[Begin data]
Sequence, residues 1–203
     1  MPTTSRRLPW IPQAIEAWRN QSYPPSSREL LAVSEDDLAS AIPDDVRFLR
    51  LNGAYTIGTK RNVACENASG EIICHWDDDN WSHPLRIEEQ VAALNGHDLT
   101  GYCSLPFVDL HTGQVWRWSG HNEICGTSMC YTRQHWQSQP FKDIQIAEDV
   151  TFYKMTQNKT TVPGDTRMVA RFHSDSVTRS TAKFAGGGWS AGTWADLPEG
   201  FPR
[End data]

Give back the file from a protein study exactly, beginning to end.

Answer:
Sequence, residues 1–203
     1  MPTTSRRLPW IPQAIEAWRN QSYPPSSREL LAVSEDDLAS AIPDDVRFLR
    51  LNGAYTIGTK RNVACENASG EIICHWDDDN WSHPLRIEEQ VAALNGHDLT
   101  GYCSLPFVDL HTGQVWRWSG HNEICGTSMC YTRQHWQSQP FKDIQIAEDV
   151  TFYKMTQNKT TVPGDTRMVA RFHSDSVTRS TAKFAGGGWS AGTWADLPEG
   201  FPR